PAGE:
told me that he never attempted to go into the girl’s room and try to save
them, that he actually got out of bed, told a two-year old to get out of the
house and then walked out the front door. I asked him why wouldn’t an innocent
man testify on his on behalf? Todd said it was because he told different
stories about what happened that day and once you have said it you can’t take
it back.”

The cornerstone of the state’s case was the arson
investigation, which concluded that accelerant was splashed on the floor and
near the threshold of the door, presumably to block rescue attempts.

Jackson, the prosecutor, also relied on testimony from
Johnny Webb, who was in jail in a robbery case when Willingham was behind bars
on the murder charge. Webb, who got to know Willingham while working as a jail
trusty, said Willingham told him he set the fire to conceal an injury that his
wife had inflicted on one of the children. “He said that he took some kind
of lighter fluid, squirting around the walls and the floor and set a
fire,” Webb testified. “He said he had done it.”

Webb has since returned to Corsicana after serving a 15-year
prison term. In a recent interview, he stood behind his testimony, which he
said subjected him to constant “torture” and recriminations from
fellow prisoners because he was branded as an informant.

Jackson said Webb at one point recanted under pressure from
inmates but at the same time reassured the former prosecutor that he had told
the truth.

“I didn’t lie,” Webb told the Fort Worth
Star-Telegram. “I just know what the dude told me. My testimony was a very
small part of that case.”


After a two-day trial, the jury of eight women and four men
deliberated an hour on Aug. 20, 1992, before finding Willingham guilty. After
hearing additional witnesses and deliberating for nearly eight hours, jurors
recommended the death penalty.

Henry Ponder, the last juror chosen, said he underwent a
kind of “sorrow” after the jury assessed the death penalty and was
unable to talk about the case for four months. But based on the evidence,
“We just felt like that was right — never looked back,” said the
retired life insurance salesman, now 81.

Elizabeth Gilbert, a Houston playwright, got to know
Willingham through her work as a death penalty opponent participating in a
pen-pal program for inmates on death row. “I was struck by the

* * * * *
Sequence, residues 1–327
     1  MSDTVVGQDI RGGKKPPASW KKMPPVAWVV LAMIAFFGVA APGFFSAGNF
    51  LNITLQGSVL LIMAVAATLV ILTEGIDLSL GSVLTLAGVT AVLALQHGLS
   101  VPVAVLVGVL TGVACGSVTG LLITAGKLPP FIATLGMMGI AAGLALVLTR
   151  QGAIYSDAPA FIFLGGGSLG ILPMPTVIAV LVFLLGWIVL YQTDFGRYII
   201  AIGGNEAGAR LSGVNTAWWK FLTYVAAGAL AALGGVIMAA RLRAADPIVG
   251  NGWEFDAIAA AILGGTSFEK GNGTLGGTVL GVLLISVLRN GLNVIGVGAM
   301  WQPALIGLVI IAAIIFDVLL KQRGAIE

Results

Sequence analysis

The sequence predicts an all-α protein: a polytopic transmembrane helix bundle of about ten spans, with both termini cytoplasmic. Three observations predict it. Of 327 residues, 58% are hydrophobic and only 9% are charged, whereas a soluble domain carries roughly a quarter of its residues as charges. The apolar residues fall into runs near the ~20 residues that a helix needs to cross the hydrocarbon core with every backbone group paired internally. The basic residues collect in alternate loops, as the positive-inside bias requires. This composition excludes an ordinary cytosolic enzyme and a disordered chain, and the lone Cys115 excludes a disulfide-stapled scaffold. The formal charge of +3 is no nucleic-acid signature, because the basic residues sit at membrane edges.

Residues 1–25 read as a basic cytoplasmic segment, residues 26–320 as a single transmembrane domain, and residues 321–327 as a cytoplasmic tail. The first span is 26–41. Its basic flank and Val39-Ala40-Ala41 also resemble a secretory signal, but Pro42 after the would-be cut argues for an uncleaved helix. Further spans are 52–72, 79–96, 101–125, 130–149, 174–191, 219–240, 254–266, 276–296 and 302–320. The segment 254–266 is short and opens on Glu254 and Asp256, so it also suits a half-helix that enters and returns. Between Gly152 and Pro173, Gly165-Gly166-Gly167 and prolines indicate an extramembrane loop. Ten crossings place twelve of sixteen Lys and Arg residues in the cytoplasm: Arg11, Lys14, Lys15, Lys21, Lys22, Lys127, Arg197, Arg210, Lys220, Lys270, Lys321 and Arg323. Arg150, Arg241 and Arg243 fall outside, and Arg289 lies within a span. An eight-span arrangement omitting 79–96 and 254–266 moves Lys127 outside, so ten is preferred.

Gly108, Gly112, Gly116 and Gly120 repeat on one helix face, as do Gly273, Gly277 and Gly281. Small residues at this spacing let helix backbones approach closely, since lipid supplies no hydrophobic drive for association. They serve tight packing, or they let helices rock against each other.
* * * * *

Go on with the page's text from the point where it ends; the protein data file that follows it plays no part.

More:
differences” between the man she had come to know and the “horrible
person” portrayed in court, Gilbert said. She then began looking into the
case, starting with a trip to Austin to review court records.

“It didn’t look like they had much of a case,”
Gilbert said she ultimately concluded.

Gilbert said she was struck by Willingham’s polite behavior
and his skills as a writer. After she was paralyzed in a car wreck,
Willingham’s letters cheered her and helped her recover. She has also written a
play based on her conversations with the inmate.

“I just felt like this was someone who as a young man
was put on a path he had no control over,” Gilbert said.

Willingham was raised by his father and stepmother, Gene and
Eugenia Willingham, and grew up in Ardmore. He was in Boy Scouts and Little
League but began sniffing paint in his midteens. Substance abuse led to
encounters with the law, including burglary and bicycle theft and a stint in
boot camp.

A younger half brother — who was raised separately from
Willingham — is serving a life sentence in connection with a drug-influenced
killing spree that left four people dead in Texas and Arkansas, authorities
said. When he was 20, Willingham got to know the half brother, Davey Crockett,
when he went to visit their biological mother in Gainesville. For a while, they
had the same circle of friends. But Willingham said he was not involved in the
crimes that sent Crockett to prison and was with Kuykendall on the night of
those murders.

Eugenia Willingham said her stepson never displayed violence
around family members and was always courteous and polite. Later, after he and
Kuykendall had the children, he talked often about his kids.

Willingham’s father died of prostate cancer in 2005.

Eugenia said she has never doubted Willingham’s innocence.
For years, she said, she and other relatives sought to draw attention to the
case, with little success until the Chicago Tribune published a 2004 investigative
report questioning the arson inquiry. The New York-based Innocence Project has
taken a lead role in the case, featuring daily updates on its Web site.

“Our family has never believed this was anything but a
tragic accidental fire resulting in the deaths of the three precious
children,” said Patricia Cox, one of Willingham’s cousins. “We see it
as the loss of four lives — not three — because Todd was also a casualty.”

Via McClatchy-Tribune News Service.